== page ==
- Cities are an essential part of modern life. They now account for 23% of the world’s population.
- But it takes more than a large population for a city to become a thriving and influential metropolis. Nicholas Vardy explains how U.S. cities stack up against the competition.
Americans love rankings.
Whether it’s the Forbes 400 ranking of the world’s wealthiest people… the best colleges and universities… or the number of medals won at the latest Olympics, Americans love to know who comes out on top.
Click here to watch Nicholas Vardy’s latest video update.
So how do American cities stack up against their global rivals?
For all the talk of America’s inevitable decline… American cities do quite well, thank you.
The Rise of Global Cities
Urbanization has exploded over the past 120 years.
In 1900, there were only 16 cities around the world with a population of more than 1 million.
Today, there are more than 512. And they account for 23% of the world’s population.
Cities are now an essential part of modern life. More than half of the world’s population currently lives in urban areas.
And in terms of raw economic output, cities are critically important.
When ranking economies, we tend to focus on economic output (GDP). I did that when I compared U.S. states to countries.
We can do the same for cities.
In 2018, the 300 largest metropolitan economies in the world accounted for nearly half of global GDP.
The leading global cities rival countries in terms of GDP.
New York and Tokyo have economies about as large as Russia’s. London’s economy is the size of Switzerland’s.
A Better Measure
The populations of the world’s largest cities are in constant flux.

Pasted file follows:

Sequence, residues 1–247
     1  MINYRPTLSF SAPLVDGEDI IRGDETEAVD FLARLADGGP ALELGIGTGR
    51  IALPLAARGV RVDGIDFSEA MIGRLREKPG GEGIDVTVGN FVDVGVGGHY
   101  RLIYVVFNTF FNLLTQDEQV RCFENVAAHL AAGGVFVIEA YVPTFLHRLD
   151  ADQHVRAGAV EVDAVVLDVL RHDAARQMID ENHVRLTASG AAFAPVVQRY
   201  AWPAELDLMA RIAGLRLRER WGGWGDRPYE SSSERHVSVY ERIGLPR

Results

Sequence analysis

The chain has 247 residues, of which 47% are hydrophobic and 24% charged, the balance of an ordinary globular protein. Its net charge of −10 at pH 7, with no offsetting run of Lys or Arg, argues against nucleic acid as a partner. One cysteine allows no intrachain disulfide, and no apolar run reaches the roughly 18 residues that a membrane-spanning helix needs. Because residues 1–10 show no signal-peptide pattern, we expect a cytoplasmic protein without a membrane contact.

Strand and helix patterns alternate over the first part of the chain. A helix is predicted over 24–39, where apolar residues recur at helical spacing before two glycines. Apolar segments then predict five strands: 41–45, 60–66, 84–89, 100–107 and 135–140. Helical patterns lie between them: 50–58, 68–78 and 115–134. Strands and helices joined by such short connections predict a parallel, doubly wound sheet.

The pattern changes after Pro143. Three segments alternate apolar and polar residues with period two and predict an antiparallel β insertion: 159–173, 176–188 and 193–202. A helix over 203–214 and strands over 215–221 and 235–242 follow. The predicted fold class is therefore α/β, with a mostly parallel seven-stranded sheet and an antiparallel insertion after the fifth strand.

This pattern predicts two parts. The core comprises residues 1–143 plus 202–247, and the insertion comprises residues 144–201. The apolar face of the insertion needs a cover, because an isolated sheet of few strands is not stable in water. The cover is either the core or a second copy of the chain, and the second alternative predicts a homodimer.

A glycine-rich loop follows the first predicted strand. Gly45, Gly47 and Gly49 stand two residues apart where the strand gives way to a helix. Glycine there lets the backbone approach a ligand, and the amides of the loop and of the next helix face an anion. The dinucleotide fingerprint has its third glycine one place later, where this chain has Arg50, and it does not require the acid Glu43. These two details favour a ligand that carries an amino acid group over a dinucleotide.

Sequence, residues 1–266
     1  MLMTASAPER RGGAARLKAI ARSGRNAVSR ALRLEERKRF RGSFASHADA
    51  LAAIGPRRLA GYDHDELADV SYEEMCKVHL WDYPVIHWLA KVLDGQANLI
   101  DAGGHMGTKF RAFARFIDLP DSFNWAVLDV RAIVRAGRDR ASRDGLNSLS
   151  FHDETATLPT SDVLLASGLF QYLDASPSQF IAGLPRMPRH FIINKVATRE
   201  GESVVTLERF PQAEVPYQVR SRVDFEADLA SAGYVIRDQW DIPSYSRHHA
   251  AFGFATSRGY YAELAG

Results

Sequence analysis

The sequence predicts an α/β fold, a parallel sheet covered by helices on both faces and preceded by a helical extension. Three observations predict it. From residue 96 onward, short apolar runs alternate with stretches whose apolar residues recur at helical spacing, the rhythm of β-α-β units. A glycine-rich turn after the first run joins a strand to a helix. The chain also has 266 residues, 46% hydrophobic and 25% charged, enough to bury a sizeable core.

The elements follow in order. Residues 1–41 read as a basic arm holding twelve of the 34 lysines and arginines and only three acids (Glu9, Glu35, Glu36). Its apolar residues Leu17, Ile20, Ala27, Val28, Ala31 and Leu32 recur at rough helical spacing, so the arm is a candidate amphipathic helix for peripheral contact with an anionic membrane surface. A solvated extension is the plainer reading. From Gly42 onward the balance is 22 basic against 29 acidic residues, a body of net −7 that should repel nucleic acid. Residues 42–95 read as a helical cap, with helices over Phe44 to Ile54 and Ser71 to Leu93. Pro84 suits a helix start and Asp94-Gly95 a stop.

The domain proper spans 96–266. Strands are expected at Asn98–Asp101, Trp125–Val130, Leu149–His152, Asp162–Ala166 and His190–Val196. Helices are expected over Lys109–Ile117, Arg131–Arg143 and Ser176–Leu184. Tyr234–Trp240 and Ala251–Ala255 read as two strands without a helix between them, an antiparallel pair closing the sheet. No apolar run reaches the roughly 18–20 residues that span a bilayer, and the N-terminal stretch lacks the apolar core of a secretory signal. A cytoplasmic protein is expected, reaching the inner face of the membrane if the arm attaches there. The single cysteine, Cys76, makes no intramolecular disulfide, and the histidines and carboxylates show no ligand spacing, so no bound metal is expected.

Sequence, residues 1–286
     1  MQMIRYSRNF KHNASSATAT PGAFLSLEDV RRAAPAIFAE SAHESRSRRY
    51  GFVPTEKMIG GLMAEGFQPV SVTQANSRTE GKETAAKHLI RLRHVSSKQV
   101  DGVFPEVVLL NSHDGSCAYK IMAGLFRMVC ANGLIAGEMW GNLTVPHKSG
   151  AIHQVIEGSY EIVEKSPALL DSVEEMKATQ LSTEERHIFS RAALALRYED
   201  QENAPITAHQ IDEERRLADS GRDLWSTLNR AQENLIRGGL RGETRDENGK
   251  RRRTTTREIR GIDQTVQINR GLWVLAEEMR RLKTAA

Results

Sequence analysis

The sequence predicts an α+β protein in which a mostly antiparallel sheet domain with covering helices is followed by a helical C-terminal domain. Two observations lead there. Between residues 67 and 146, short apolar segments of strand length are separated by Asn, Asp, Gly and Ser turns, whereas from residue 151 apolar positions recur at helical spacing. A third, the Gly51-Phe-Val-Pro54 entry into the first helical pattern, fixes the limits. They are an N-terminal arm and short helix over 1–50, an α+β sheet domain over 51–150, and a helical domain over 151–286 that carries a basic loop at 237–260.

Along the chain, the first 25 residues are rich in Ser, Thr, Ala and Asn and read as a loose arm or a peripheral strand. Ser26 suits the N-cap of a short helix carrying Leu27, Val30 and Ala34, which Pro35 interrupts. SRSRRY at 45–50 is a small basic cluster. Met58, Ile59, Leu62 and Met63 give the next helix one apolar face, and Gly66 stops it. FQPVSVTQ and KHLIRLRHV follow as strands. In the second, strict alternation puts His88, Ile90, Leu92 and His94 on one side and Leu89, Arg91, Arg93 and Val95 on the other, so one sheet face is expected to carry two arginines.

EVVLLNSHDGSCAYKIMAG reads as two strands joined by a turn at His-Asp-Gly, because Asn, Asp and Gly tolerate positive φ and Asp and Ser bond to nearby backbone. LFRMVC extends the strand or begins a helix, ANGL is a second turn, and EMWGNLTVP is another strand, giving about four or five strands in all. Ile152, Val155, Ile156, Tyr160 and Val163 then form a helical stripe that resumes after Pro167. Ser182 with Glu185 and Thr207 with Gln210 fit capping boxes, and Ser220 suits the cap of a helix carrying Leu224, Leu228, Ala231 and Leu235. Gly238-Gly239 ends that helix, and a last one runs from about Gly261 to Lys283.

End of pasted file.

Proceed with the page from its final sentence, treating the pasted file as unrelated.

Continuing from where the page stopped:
London became the world’s largest city in terms of population in 1825. New York overtook it precisely a century later.
Tokyo overtook New York in 1965.
And by 2019, London had dropped to No. 37 on that list.
And yet London remains an influential global city.
That’s because cities are about more than sheer population or economic output. They are also centers of innovation, creativity and culture.
Small but well-run cities can easily dominate larger cities in terms of influence on global business, culture and politics.
Singapore and Dubai established themselves as regional financial centers without becoming megacities.
In contrast, Mexico City – one of the largest emerging-economy cities in the world – is burdened by crime, congestion and pollution. All these have kept it from the ranks of influential global capitals.
Ranking Cities by Influence
So once you get beyond economic output and population… what are the world’s most influential cities?
Management consultancy firm A.T. Kearney answers that question every year with its annual Global Cities Report.
The report examines dozens of variables, including business activity, culture, human capital, political engagement and information exchange. It then adds these scores together to rank the cities.
Here are some highlights from the 2019 Global Cities Report.
- New York and London top the list, with both cities far ahead of their nearest rivals. Paris rounds out the decade-long dominance of this powerful triad.
- The United States boasts four cities in the top 10 (New York, Los Angeles, Chicago and Washington, D.C.).
- Asia is also home to four cities (Tokyo, Hong Kong, Singapore and Beijing).
- Europe’s two cities in the top 10 – London and Paris – punch above their economic weight and account for two out of the top three.
- China, the world’s other superpower, has a single city in the top 10 – Beijing, ranking at No. 9.
What lessons can we draw from A.T. Kearney’s ranking?
Many emerging market cities have already overtaken American and European cities in terms of population.
By population, New York City doesn’t even make it into the global top 10.
But Delhi (India), Cairo (Egypt) and Dhaka (Bangladesh) – all bigger than New York City – must do more than grow their populations to become some of the world’s greatest global cities.
New York, London and Paris are thriving metropolises because of their dynamism and creativity.
The sizes of their populations and economies are less relevant than ever.
Tokyo, Hong Kong, Singapore and Shanghai have succeeded in entering the ranks of influential global cities in the past 50 years.
But the rest of the non-American and European cities of the world?
Well, they have a long way to go.